Article byPosted Newsletter Editorial BoardOctober 2022
It has been a while since this column looked at apps. Thanks to the Internet and the usual suspects, here are some new ones and improved oldies.
Weather apps continue to improve. Weather Strip is brilliant in its simplicity, presenting nothing but a series of line graphs for hour-by-hour temperature, cloudiness, chance of precipitation, and wind speeds. A secondary timeline lets you jump ahead up to seven days, which is really all you need. After a one-month trial, the app costs $2 per month or $9 per year, with no ads or tracking.
If you’re not into podcasting already, knowing where to start can be intimidating. Moonbeam can get you rolling by chopping podcasts into short samples and presenting them in a personalized feed. Pick an area of interest, then start swiping until you find something that sounds interesting.
If you listen to Internet radio, you won’t be able to stay away from the DuckDuckGo ads. Its App Tracking Protection feature, now in private beta, runs in the background on your phone and prevents apps from connecting with known tracking servers. DuckDuck’s email anti-tracking tools also launched in beta on both iOS and Android earlier this year, letting you hand out special email addresses that prevent senders from learning your true address and learning about how often you open their messages. While Apple offers similar email masking tools for its iCloud+ subscribers, DuckDuckGo is free.
Simplify Gmail is a browser extension to improve Gmail with additional white space, cleaner compose menus, and the ability to group emails by date. At the same time, it adds new features such as extra keyboard shortcuts, email tracker blocking, and a “hide inbox” mode to help you focus A two-week trial is free; thereafter, it’s $24 per year.
Typora is a writing tool presents a clean space in which to write, along with customizable themes to help you focus. And if you want to start learning Markdown — a basic markup language for formatting text without taking hands off the keyboard — Typora helps by showing you the syntax for any text you’ve selected. Its formatting options are basic compared to Word and Google Docs, but that’s the point. It costs $15 for use on up to three devices.
Unless you have unlimited free time, you’ll never be able to consume everything that strikes your interest. Uptime provides a workaround, summarizing popular books, courses, and documentaries into five-minute “Knowledge Hacks” in either text or audio form. That way, you can glean the main takeaways and decide whether the full content is worth your precious time. After a three-day trial, or there’s a free version that provides one curated Hack per day, otherwise, it’s $80 a year.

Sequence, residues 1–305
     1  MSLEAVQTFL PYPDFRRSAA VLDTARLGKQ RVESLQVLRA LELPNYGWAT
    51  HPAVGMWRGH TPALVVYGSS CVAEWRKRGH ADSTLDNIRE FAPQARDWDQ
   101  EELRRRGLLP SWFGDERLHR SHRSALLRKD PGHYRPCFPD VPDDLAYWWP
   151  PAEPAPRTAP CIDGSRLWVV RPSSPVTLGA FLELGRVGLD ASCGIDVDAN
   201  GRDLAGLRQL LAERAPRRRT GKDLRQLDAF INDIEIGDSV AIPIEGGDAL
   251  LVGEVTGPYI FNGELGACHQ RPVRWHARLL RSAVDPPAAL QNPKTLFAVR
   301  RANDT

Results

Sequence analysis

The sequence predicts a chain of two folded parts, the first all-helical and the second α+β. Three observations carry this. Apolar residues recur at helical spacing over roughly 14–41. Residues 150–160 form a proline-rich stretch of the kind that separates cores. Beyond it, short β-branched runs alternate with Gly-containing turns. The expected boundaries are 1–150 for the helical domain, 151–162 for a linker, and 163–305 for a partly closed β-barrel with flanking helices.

Feeling buried by all the articles you’ve saved in read-it-later apps like Pocket and Instapaper? Alfread will encourage you to block out some reading time with customizable reminders. Just set a weekly reading goal and a preferred reading time, and the app will suggest one article at a time through push notifications. A Tinder-like 3/14 interface also lets you swipe through your queue, so you can easily archive articles you’ll probably never get to. The basic app is free, with a $5 per month or $40 per year subscription for advanced features such as highlights and habit tracking.
Ever wish you could have a universal search function for all your digital documents? With Slapdash, you can press Ctrl+J or (Cmd+J on a Mac) to search and perform quick commands across Google Drive, Notion, Slack, Dropbox, and more. A complementary Chrome extension also lets you search open tabs and bookmarks. It’s a great way to save time once you get in the habit of using it. (The app is free, with an optional $12 per month subscription for more than five app integrations.)
When you need to send a large file with minimal hassle, Wormhole can do the job. The free web app lets you upload files up to 10 GB in size and share them through unique links, which expire after 24 hours or 100 downloads. You can even send files to yourself over a local Wi-Fi network, and the app will use a peer-to-peer connection to transfer them instantly.
Instead of cluttering your iPhone home screen with Apple’s Phone and Contacts apps, try replacing them both with Cardhop. The free app offers several improvements over Apple’s default apps, most notably a history section that lists recent calls, texts and video chats in one place. It also offers customizable home screen widgets and an action bar for interacting with contacts. An optional $5 per month or $40 per year subscription lets you see relationships between contacts, adds business card scanning and provides access to Flexibits’ also-great Fantastical calendar app.